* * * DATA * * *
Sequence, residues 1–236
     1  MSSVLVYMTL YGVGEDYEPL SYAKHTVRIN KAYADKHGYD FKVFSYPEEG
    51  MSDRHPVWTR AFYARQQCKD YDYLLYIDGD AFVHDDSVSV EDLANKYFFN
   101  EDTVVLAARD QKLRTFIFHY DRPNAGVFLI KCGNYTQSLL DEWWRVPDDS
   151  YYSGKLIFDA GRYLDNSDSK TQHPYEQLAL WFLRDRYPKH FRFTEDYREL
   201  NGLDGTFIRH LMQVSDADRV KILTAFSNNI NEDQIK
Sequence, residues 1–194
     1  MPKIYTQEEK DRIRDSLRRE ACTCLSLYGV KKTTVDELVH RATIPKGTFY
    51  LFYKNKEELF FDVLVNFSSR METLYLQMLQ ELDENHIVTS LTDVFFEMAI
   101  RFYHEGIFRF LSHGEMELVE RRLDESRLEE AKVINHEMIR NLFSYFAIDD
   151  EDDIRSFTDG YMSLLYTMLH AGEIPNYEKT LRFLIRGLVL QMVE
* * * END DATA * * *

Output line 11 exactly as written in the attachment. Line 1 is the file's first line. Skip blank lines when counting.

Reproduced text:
   151  EDDIRSFTDG YMSLLYTMLH AGEIPNYEKT LRFLIRGLVL QMVE